2 As underlined by the Italian Ministry of Economy and Finance in the Green Book on the Competitiveness of financial markets in order to support growth published in March 2022. Also see the recent Manifesto per lo Sviluppo dei Mercati dei Capitali in Italia, signed by multiple stakeholders and containing proposed actions to reinvigorate the capital markets in Italy.

3This special category of shares, which is foreseen by article 2351 of the Italian civil code, can only be issued before going public on a regulated market, but it can be kept after the IPO according to art. 127-sexies of Legislative Decree 58/1998 (Consolidated Law on Finance).

4 Currently, up to two voting rights per share may be granted to those shareholders who maintain their shares for at least 24 continuous months and register them in a special register kept by the company. The new provisions, which have been introduced during the discussions at the Senate, allow company bylaws to grant an additional vote for each additional 12-month period of possession, up to 10 votes per share.

5 The previous deadline was July 31, 2023. During the last triennium, most Italian listed companies prevented physical shareholder participation in their general meetings by designating an exclusive proxyholder of all shareholders to which shareholders should grant proxy. Most shareholder meetings have not been broadcast, and shareholders have not been able to actively interact with management during the meeting.

6 Article 12 includes the following rules, among others: i) The slate of the outgoing board should be approved with the support of at least two-thirds of the directors; ii) The board list must include a number of candidates equal to four-thirds of the number of directors to be elected; iii) The board list should be submitted and disclosed at least 40 days before the board election; iv) If the board list gets the relative majority of votes, and aggregate support received by the first two shareholder slates is higher than 20%, seats will be allocated proportionally to the shareholder lists that receive at least 3% of the votes. If the board list gets the relative majority of votes, and aggregate support received by the first two shareholder slates is not higher than 20%, shareholder lists will contribute to the final board composition in proportion to the votes received and for an amount of no less than 20% of the directors. The remaining seats will be allocated to the board list; v) After the first vote on the slates, if the board list gets the relative majority of votes, shareholders will have the opportunity to vote on each candidate of the board list; vi) Companies should adapt their bylaws so that the aforesaid provisions apply as from the first general meeting after Jan. 1, 2025.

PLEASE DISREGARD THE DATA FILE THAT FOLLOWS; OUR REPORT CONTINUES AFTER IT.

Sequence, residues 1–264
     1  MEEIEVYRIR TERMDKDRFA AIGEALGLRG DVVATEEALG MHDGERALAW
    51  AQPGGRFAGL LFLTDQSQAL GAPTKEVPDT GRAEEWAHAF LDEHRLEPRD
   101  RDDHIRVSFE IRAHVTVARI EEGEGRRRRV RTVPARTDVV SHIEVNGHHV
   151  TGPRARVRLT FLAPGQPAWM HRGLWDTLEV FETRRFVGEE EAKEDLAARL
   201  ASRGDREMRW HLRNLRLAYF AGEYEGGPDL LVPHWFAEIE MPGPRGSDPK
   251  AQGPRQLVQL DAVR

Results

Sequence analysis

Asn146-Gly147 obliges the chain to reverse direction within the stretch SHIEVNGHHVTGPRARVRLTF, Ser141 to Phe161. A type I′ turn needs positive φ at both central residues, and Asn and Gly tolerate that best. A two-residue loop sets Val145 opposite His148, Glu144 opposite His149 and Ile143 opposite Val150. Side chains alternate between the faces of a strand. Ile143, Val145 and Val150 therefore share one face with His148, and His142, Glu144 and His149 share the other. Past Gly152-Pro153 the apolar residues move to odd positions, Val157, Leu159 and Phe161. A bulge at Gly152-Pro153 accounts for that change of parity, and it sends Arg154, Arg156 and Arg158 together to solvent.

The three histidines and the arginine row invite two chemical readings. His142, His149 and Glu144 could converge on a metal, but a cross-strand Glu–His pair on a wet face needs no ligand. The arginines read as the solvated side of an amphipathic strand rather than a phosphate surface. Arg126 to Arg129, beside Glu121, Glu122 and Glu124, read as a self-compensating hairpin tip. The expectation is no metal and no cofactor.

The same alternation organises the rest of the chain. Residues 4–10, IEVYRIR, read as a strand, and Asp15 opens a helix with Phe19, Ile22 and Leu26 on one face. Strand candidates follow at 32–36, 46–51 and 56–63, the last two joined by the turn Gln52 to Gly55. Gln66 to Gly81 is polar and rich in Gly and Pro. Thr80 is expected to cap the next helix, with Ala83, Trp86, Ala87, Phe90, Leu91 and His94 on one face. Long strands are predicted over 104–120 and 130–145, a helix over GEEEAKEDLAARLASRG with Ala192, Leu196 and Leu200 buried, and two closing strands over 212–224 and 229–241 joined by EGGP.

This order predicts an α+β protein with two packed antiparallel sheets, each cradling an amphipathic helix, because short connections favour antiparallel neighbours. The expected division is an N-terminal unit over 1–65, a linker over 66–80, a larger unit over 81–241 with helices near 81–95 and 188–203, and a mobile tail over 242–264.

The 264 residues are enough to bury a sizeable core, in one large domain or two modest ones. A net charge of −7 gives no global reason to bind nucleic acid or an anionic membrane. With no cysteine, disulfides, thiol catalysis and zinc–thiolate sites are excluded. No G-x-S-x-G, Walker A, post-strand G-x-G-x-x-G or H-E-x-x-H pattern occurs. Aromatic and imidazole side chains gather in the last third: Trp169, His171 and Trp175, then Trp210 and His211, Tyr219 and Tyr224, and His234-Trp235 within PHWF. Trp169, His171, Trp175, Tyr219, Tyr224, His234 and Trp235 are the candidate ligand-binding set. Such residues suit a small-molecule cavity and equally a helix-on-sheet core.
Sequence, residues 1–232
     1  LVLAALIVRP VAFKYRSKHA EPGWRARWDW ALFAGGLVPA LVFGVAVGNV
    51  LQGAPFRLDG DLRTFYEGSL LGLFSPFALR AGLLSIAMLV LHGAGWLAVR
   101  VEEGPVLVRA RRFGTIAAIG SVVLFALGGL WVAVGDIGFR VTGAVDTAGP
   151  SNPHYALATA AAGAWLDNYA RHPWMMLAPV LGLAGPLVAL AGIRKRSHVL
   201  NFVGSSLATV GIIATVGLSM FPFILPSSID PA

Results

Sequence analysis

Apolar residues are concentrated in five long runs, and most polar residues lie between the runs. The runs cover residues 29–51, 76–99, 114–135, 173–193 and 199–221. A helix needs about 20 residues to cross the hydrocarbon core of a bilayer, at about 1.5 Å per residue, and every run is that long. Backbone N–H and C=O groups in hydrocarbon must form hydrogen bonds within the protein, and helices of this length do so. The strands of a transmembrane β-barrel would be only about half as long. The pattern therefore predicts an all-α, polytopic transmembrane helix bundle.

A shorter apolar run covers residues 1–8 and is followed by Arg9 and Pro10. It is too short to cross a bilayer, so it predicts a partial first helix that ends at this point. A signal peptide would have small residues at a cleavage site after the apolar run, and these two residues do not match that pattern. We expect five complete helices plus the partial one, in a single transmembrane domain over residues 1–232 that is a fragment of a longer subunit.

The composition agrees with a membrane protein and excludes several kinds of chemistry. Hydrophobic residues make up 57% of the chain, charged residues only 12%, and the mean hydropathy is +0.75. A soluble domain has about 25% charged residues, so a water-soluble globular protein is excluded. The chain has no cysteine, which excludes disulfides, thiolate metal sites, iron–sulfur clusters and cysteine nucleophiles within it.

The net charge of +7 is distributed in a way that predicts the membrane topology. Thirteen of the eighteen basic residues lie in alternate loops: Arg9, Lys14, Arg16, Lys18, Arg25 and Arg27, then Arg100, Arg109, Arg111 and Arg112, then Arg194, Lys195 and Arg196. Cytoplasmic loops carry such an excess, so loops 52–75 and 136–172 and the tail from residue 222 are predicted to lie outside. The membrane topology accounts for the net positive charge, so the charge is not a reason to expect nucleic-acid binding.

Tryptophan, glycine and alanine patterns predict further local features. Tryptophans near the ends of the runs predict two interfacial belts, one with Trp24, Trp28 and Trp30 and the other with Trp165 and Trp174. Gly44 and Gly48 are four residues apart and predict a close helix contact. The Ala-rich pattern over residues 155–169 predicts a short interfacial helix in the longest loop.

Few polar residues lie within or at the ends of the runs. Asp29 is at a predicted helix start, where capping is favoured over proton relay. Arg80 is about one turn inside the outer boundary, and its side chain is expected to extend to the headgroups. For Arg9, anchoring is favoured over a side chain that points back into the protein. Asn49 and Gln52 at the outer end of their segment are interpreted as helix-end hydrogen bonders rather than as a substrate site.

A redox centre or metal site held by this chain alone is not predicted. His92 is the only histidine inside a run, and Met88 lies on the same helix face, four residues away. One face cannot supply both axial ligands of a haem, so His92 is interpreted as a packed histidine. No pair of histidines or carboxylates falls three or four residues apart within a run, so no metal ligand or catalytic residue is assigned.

7 Including possible proxy fights at Assicurazioni Generali in 2025 and Mediobanca in 2026. Despite its flaws (complexity, bundled election etc.), the Italian voto di lista system has long been regarded as a useful instrument to ensure that minorities elect at least one director in a context characterized by concentrated ownership and majority lists submitted by controlling shareholders. In parallel, at the very few Italian public companies with no significant shareholder, the slate of the outgoing board has generally been considered unproblematic. Things get more complicated in intermediate situations, especially when the outgoing board decides to submit its list of candidates in the presence of dissenting significant non-controlling shareholders (e.g. Assicurazioni Generali in 2022 and Mediobanca in 2023).

By: Gianluca Antipasqua, Southern European Research, ISS Governance